As for Pegge, she never really had time to grieve fully. "I went into a whole new world of coping for twin babies," she says. The U.S. government got her a job as a press attache in Karachi, Pakistan, provided her with Mackiernan's pension and with financial assistance for the twins' education. She arrived late to the May 22 memorial service, first misreading the agency's map and then losing her plastic visitor's badge in the frenzied dash to the ceremony. She found her seat and listened.
"Those stars remind us that we should be grateful for their sacrifice," Tenet said during his speech, itself classified. "They speak with the very same words that are inscribed at a British military memorial in India. The words are simple and elegant:
When you go home
Tell them of us and say
For your tomorrow
We gave our today."
Pegge Hlavacek feels no bitterness toward the agency and is resigned to its obsession with secrecy. "I guess security is something like oxygen that you breathe in and out," she says. Still, she was surprised when, two weeks after the ceremony, she received an envelope from the CIA. Inside was a transcript of Tenet's remarks about her late husband.
She couldn't help but notice what was missing. The dates, the country and the names -- the director's, Mackiernan's, even her own -- had all been deleted.
PETE RAY, NO.22
When Janet Ray Weininger was a child growing up in Birmingham, Ala., her father would sometimes go off for "training." Janet was told she would have to write to him in Chicago using the name Joseph Greenland. His real name was Thomas Willard Ray, though everyone knew him as Pete. His death at age 30 -- on April 19, 1961 -- was wrapped in intrigue. There was a funeral but no body.
Janet was forbidden to speak of her father's death even in her own house. She learned what little she could by hiding under the bed and catching snippets of conversation between her mother and grandmother, or eavesdropping with a cup to the wall. In such denial was born obsession.
This much is known of Pete Ray. He and three other pilots in the Alabama Air National Guard joined what was then an ultra-secret CIA operation, a plan to liberate Cuba from Fidel Castro. The mission was a stunning failure that resulted in the death or capture of 1,200 men. It was forever after known as Bay of Pigs and, for many, became a symbol of the CIA's arrogance and fallibility.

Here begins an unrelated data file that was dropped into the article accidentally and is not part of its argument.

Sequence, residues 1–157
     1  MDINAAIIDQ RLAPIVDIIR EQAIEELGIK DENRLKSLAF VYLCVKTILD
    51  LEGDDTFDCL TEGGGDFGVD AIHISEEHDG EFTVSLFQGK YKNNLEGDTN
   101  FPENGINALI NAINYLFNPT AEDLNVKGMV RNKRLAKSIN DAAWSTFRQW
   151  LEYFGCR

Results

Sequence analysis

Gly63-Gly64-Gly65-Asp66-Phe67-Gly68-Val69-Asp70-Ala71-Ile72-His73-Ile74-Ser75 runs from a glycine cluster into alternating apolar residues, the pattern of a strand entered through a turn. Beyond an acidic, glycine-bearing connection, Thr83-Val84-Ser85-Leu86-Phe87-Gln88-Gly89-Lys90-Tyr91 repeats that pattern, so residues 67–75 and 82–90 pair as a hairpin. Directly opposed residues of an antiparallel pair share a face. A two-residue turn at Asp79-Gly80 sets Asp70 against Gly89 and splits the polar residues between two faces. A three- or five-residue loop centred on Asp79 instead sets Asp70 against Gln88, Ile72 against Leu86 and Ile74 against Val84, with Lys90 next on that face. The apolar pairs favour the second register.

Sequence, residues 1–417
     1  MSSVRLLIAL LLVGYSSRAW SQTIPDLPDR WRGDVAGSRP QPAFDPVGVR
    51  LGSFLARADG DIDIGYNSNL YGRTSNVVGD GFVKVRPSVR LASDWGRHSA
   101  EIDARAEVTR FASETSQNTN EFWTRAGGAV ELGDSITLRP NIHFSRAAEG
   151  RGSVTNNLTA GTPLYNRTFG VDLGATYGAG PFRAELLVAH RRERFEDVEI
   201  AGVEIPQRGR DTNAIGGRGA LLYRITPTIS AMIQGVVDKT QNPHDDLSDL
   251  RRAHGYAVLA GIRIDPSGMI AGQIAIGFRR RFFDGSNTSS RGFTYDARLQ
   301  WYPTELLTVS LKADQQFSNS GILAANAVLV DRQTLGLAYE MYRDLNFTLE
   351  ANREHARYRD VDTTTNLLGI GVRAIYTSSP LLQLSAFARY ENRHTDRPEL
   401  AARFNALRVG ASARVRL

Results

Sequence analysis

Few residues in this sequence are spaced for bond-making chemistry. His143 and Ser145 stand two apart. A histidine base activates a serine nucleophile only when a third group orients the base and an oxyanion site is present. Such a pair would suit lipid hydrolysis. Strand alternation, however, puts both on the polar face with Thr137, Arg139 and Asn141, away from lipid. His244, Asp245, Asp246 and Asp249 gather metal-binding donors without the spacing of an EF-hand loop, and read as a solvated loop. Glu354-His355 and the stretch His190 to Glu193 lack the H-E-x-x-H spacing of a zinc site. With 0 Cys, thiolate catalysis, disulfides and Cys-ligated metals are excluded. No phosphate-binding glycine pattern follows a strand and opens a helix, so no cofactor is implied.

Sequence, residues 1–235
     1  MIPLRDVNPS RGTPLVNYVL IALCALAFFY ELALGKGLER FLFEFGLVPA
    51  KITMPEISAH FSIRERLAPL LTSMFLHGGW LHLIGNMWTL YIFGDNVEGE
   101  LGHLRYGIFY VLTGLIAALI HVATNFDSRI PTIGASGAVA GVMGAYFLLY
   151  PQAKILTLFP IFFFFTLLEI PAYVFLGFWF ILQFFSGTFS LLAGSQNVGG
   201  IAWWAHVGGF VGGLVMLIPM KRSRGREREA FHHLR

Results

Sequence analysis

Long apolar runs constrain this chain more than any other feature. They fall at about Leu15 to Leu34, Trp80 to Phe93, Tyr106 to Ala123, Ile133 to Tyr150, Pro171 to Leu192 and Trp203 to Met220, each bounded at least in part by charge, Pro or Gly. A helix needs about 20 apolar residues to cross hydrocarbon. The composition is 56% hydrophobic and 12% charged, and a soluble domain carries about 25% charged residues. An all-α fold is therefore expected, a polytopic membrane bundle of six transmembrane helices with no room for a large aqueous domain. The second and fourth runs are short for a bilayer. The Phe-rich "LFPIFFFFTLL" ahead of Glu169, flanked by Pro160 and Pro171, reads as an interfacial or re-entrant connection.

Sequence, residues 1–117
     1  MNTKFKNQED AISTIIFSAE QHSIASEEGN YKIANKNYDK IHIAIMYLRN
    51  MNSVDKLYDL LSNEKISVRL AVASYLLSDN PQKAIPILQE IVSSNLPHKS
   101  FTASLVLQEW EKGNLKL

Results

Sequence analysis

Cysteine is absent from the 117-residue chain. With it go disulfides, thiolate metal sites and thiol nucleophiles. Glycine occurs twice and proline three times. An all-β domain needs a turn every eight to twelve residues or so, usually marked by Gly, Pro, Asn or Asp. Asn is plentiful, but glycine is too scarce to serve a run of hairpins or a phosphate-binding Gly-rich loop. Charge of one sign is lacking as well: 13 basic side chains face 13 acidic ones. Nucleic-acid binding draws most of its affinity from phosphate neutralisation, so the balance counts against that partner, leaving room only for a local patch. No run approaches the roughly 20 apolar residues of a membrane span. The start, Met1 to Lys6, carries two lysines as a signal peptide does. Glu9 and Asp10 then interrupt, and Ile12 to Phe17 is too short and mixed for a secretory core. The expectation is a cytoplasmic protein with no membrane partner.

For Janet, it was a mission of nobility. Her life has been consecrated to finding out what happened to her father and to promoting Cuba's liberation. As a teenager she interviewed Cuban refugees on the streets of Miami searching for clues to his fate. She flooded the CIA with Freedom of Information requests, but was rebuffed.
For years she deluged Castro with hundreds of letters and telegrams seeking information. Not once did he reply. In official Washington and Havana, she was seen as a pest and a pariah.
Finally, 12 years after Ray's death, on November 14, 1973, CIA Director William Colby secretly honored him with the agency's Distinguished Intelligence Cross. The citation praised his "exceptional heroism" on an "extremely hazardous mission of the highest national priority."
Still, the full truth about his death was not forthcoming. Janet had been told that her father died when his plane crashed. In 1978 the agency admitted to her that he survived the crash and was killed in a gun battle. Janet suspected that even this was not the full story, that instead, he had been coldly executed.
For years she worked to retrieve his body. From Cuban emigres, she discovered that his corpse had been preserved, frozen in a morgue -- a trophy of war. The FBI confirmed the fingerprints of the cadaver were indeed those of Pete Ray. In 1979, the Cuban government returned Ray's body, wrapped in white gauze and shipped in a gray pine box. But Janet was not content to bury him. She insisted on an autopsy. She had to know how he died. On December 6, 1979, a coroner examined his bullet-riddled body and recovered several fully jacketed lead slugs. The pooling of the blood, Janet believes, indicated her father survived the initial fusillade and died from a final shot to the right temple.
The day following the autopsy Ray was buried in Birmingham with full military honors. His was the 22nd star to be added to the CIA's Book of Honor. It remains nameless. "Every year," says Janet, "they have a ceremony and nobody ever calls us."
Former Washington Post reporter Ted Gup is a visiting professor of journalism at the University of Maryland and lives in Bethesda.